ZB Negotiations continues to educate the consumer that inherent diminished value (loss in resale value) is real and claimable against the at-fault insurance carrier. However, as consumer claims for diminished value increase, the carrier’s response has been to increase the rate of denials, most with no basis.
We continue to help our clients in pursuing diminished value for their damaged vehicles even though carriers appear to be determined not to recognize the vehicle owner’s financial loss. While carriers receive well-documented claims, there seems to be some magical line to deny the claim, regardless.
Almost daily, insurance carriers create some new hurdle that bears little if any, factual basis to support a denial. We have heard comments such as “the client sold their vehicle for too little” or “we paid too much to fix it in the first place.” We find no factual basis for either comment.
One carrier that provides coverage mostly in a northeast state is possibly the worst with their denial approach. While they are well aware of a New Jersey court decision that both diminished value and loss of use are claimable in that state, yet they still deny many diminished value claims. This also appears to be their approach to repair costs. This only prolongs repair times, increases rental expenses, and results in numerous supplement requests delaying an agreement.
Some carrier tactics with respect to diminished value claims include, “we will consider your claim when you sell the car.” They fail to mention the statute of limitations that exists and hope you are gullible enough to accept a concept based on what sounds like a reasonable response. With many vehicle owners keeping their vehicles longer, the statute of limitations approach provides an easy escape for denial of a claim and financial savings for the carrier. A recent study put the average age of domestic vehicles at 14.8 years, a new high that provides greater assurance of a justified denial.
Recently a denial stated that the comparable vehicles used had less mileage then the car that was damaged and, therefore, not representative. The same could be said about the comparatives that carriers use for totaled vehicles. There are adjustments for options, mileage, and, at times, model or year. How is the carriers’ use of non-exact comparatives for totaled vehicles acceptable, but our use in supporting a claim is not?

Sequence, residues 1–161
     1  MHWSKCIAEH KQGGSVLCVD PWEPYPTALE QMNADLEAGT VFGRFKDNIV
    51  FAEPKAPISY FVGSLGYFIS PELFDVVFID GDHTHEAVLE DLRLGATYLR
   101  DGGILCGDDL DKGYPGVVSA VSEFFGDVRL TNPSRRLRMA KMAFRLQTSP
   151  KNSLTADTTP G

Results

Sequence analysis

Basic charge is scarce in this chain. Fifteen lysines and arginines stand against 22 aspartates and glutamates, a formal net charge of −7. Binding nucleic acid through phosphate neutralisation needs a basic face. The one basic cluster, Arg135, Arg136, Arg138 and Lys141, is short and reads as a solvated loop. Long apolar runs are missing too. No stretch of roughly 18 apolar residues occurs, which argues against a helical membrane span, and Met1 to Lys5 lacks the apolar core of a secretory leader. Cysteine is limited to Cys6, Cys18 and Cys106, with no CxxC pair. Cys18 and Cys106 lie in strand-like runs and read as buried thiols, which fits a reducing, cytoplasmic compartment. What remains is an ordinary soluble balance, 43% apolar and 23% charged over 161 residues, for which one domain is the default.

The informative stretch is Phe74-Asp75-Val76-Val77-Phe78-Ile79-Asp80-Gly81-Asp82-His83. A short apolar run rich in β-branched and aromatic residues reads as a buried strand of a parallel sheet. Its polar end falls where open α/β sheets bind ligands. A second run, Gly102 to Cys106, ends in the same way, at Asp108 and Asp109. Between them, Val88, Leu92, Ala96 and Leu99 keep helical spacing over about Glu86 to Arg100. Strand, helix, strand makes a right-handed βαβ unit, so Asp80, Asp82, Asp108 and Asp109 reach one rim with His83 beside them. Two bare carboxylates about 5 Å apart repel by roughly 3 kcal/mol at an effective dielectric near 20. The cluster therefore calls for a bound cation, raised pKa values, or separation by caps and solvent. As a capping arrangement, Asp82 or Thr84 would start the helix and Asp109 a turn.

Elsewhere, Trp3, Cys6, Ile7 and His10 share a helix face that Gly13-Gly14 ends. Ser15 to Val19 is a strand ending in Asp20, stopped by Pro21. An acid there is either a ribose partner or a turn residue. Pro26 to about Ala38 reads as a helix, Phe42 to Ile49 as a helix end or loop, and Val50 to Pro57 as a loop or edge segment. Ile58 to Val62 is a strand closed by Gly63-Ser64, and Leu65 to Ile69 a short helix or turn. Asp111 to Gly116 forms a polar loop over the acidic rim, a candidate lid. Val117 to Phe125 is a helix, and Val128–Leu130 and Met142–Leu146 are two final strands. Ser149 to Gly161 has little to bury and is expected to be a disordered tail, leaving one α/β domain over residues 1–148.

The most recent denial from a carrier asserts that they found one of the same vehicles that had prior damage but were still selling at the undamaged price. Our presentation was based on three sets of damaged and undamaged vehicles or a sample of six vehicles. They have now suggested that we obtain a letter from a dealership to establish the now selling price. Had that been done as a first presentation, the denial would have been that there is no support. Let us not lose sight of the carrier’s play on words, selling is not sold, and neither is asking versus sold. These same terms are used by carriers in reports and presentations they supply but find acceptable. The carriers’ sample of one requires no explanation, nor is it supporting the denial as no documentation was provided. Lastly, this vehicle model has a base price to one full option that can vary by $40,000. So what options were in their comp?
This same carrier recently denied a dealership claim for both diminished value as well as a loss of use in another state. The comments for the denial are in direct violation of that states’ legal rulings. Again this carrier makes a habit of not providing any supporting documentation to justify the denial. The term used by the carrier is ”work product” and is their defense for providing no support.
Perhaps the most ridiculous basis of denial by a carrier is their statement that “the vehicle was repaired according to industry standard and therefore there is no diminished value.” First, being a vehicle owner, you would expect that your vehicle was properly repaired to manufacturers' standards with OEM (Original Equipment Manufacturer) parts; also, the vehicle has met all safety standards during the repair process. Inherent diminished value assumes proper repair standards have been met. How does proper repair result in no diminished value? It does not! Asking the carrier representative if they would pay the same amount for two vehicles where one does, and one does not have accident history might shed some light on their response? Do not assume a logical response to the question. This can be seen as the carriers' drone response and begs the question; does the carrier or its representative know or understand the definition of inherent diminished value?
We continue pursuing diminished value claims on behalf of our clients, as we believe these are fair and justified. The insurance carriers have always treated the claimant in a manner that shows little regard for the vehicle owners or their rights to be made financially whole. We see the latest carrier approach to denials as representing the same disregard for the claimant, while the carrier’s increase their bottom line profits.
We help bridge the gap